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THE MAGNETIC LADY TO HER PATIENT.

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SONG.

“A widow bird sate mourning for her love

Upon a wintry bough;
The frozen wind crept on above,

The freezing stream below.

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“ There was no leaf upon the forest bare,

No flower upon the ground, And little motion in the air

Except the mill-wheel's sound.”

1821.

THE MAGNETIC LADY TO HER PATIENT.

I.

“SLEEP, sleep on ! forget thy pain ;

My hand is on thy brow,
My spirit on thy brain,
My pity on thy heart, poor friend;

And from my fingers flow
The powers of life, and like a sign,

Seal thee from thine hour of woe,
And brood on thee, but may not blend

With thine.

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II.

IO

“Sleep, sleep on! I love thee not;

But when I think that he
Who made and makes my lot
As full of flowers as thine of weeds,

Might have been lost like thee,
And that a hand which was not mine

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Might then have charmed his agony As I another's— my heart bleeds

For thine.

III.

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“ Sleep, sleep, and with the slumber of

The dead and the unborn
Forget thy life and love;
Forget that thou must wake for ever;

Forget the world's dull scorn;
Forget lost health, and the divine

Feelings which died in youth's brief morn; And forget me, for I can never

Be thine.

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IV.

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“Like a cloud big with a May shower,

My soul weeps healing rain,
On thee, thou withered flower ;
It breathes mute music on thy sleep;

Its odour calms thy brain ;
Its light within thy gloomy breast

Spreads like a second youth again.
By mine thy being is to its deep

Possessed.

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V.

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"The spell is done. How feel you now?” “Better - Quite well," replied

” The sleeper. “ What would do You good when suffering and awake?

What cure your head and side ? “What would cure, that would kill me, Jane :

And as I must on earth abide Awhile, yet tempt me not to break

My chain.”

1822. 45

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When hearts have once mingled
Love first leaves the well-built nest,

The weak one is singled
To endure what it once possessed.

O, Love! who bewailest
The frailty of all things here,

Why choose you the frailest
For your cradle, your home and your bier ?

IV.

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Its passions will rock thee
As the storms rock the ravens on high :

Bright reason will mock thee, Like the sun from a wintry sky. From thy nest every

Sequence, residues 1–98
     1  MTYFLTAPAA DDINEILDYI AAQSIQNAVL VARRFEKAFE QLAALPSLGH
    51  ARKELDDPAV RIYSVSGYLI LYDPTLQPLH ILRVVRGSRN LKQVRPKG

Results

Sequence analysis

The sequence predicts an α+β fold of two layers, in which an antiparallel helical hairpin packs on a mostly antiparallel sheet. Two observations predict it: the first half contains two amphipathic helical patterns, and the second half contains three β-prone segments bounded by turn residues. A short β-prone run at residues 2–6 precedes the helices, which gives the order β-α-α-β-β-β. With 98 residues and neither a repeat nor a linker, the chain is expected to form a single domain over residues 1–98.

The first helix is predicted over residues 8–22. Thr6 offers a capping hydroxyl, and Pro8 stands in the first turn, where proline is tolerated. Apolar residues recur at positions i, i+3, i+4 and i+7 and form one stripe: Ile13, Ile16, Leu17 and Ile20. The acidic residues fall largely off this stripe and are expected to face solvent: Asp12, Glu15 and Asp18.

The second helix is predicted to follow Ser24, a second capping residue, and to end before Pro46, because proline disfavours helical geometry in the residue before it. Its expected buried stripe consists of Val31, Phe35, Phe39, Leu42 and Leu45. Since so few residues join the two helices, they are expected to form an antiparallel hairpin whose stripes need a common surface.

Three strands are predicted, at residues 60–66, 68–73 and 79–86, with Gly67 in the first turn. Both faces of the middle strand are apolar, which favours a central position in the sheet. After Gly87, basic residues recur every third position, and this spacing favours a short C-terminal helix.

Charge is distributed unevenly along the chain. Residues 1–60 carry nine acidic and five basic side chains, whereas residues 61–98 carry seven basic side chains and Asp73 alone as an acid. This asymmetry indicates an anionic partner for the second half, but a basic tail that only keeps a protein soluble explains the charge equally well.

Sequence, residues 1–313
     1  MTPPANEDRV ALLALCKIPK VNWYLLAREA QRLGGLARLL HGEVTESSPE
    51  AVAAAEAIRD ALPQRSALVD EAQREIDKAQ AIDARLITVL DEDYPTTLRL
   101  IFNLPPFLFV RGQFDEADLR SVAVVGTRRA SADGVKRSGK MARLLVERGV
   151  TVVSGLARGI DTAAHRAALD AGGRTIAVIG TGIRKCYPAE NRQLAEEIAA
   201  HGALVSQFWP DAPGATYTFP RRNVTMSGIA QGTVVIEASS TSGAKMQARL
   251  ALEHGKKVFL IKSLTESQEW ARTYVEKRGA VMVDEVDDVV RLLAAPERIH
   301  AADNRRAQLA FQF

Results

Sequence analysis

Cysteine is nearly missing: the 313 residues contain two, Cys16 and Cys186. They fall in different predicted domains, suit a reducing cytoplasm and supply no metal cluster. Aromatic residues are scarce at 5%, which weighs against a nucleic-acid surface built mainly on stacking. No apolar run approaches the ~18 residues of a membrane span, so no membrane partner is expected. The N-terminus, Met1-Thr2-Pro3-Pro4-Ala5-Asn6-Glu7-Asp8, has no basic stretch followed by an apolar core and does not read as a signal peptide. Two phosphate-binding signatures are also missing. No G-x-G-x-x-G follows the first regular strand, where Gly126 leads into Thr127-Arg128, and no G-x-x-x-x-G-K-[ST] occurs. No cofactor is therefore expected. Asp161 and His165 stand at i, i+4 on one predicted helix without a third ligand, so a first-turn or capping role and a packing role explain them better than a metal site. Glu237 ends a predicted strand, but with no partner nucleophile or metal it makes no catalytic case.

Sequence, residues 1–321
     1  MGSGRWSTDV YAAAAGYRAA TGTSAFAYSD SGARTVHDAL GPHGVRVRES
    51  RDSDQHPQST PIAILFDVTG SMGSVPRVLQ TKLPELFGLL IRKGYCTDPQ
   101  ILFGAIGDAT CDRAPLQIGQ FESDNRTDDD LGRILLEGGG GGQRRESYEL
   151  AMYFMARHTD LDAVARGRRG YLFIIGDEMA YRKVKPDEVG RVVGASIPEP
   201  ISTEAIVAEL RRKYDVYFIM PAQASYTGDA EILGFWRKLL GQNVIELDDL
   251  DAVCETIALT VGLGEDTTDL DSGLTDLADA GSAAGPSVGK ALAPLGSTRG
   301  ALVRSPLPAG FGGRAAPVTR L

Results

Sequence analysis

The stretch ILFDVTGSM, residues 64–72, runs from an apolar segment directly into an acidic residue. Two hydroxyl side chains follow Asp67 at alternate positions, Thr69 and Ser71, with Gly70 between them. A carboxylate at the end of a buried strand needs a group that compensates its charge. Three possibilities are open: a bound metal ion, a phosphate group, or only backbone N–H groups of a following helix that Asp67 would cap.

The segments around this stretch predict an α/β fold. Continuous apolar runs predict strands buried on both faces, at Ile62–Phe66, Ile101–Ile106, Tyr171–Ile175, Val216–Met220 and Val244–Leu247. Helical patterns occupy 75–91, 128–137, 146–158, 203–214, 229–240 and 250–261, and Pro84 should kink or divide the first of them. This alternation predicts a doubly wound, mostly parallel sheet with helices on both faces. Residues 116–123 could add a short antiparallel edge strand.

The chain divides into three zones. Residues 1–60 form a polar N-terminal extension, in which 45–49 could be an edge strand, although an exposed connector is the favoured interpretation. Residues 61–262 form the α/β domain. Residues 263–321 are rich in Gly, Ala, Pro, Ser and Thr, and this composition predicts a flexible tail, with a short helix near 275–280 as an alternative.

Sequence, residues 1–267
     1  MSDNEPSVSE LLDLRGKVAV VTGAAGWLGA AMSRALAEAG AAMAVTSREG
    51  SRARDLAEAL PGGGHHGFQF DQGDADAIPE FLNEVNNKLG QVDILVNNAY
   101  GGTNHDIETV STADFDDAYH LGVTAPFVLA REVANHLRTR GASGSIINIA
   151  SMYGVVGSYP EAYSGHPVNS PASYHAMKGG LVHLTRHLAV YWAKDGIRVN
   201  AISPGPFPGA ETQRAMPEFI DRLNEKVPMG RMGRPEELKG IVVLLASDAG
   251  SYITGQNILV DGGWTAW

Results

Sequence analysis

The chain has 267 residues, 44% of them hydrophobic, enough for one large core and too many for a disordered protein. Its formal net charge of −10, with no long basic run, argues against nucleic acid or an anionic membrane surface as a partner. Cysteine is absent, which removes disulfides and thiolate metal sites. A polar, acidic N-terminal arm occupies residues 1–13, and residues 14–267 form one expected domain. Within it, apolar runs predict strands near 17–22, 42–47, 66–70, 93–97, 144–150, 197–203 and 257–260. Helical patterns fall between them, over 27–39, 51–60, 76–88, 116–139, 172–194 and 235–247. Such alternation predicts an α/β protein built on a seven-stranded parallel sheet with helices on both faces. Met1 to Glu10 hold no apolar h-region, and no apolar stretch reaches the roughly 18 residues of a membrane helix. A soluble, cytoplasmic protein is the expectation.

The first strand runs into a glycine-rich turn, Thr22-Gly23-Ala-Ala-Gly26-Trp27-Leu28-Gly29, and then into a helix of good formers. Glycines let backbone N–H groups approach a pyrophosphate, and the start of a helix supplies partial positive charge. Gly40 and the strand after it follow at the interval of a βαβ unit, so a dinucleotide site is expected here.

rafter Will rot, and thine eagle home

Leave thee naked to laughter,
When leaves fall and cold winds come.

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1822.

TO JANE – THE INVITATION.

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Best and brightest, come away!
Fairer far than this fair Day,
Which, like thee to those in sorrow,
Comes to bid a sweet good-morrow
To the rough Year just awake
In its cradle on the brake.
The brightest hour of unborn Spring,
Through the winter wandering,
Found, it seems, the halcyon Morn
To hoar February born;
Bending from Heaven, in azure mirth,
It kissed the forehead of the Earth,
And smiled upon the silent sea,
And bade the frozen streams be free,
And waked to music all their fountains,
And breathed upon the frozen mountains,
And like a prophetess of May
Strewed Aowers upon the barren way,
Making the wintry world appear
Like one on whom thou smilest, dear.

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To the silent wilderness
Where the soul need not repress
Its music lest it should not find
An echo in another's mind,
While the touch of Nature's art
Harmonizes heart to heart.
I leave this notice on my door
For each accustomed visitor :
“I am gone into the fields
To take what this sweet hour yields;-
Reflexion, you may come to-morrow,
Sit by the fireside with Sorrow.
You with the unpaid bill, Despair,-
You tiresome verse-reciter, Care,
I will pay you in the grave,
Death will listen to your stave.
Expectation too, be off !
To-day is for itself enough;
Hope, in pity mock not Woe
With smiles, nor follow where I go;
Long having lived on thy sweet food,
At length I find one moment's good
After long pain -- with all your love,
This you never told me of.”

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Radiant Sister of the Day,
Awake! arise! and come away!
To the wild woods and the plains,
And the pools where winter rains
Image all their roof of leaves,
Where the pine its garland weaves
Of sapless green and ivy dun
Round stems that never kiss the sun;
Where the lawns and pastures be,

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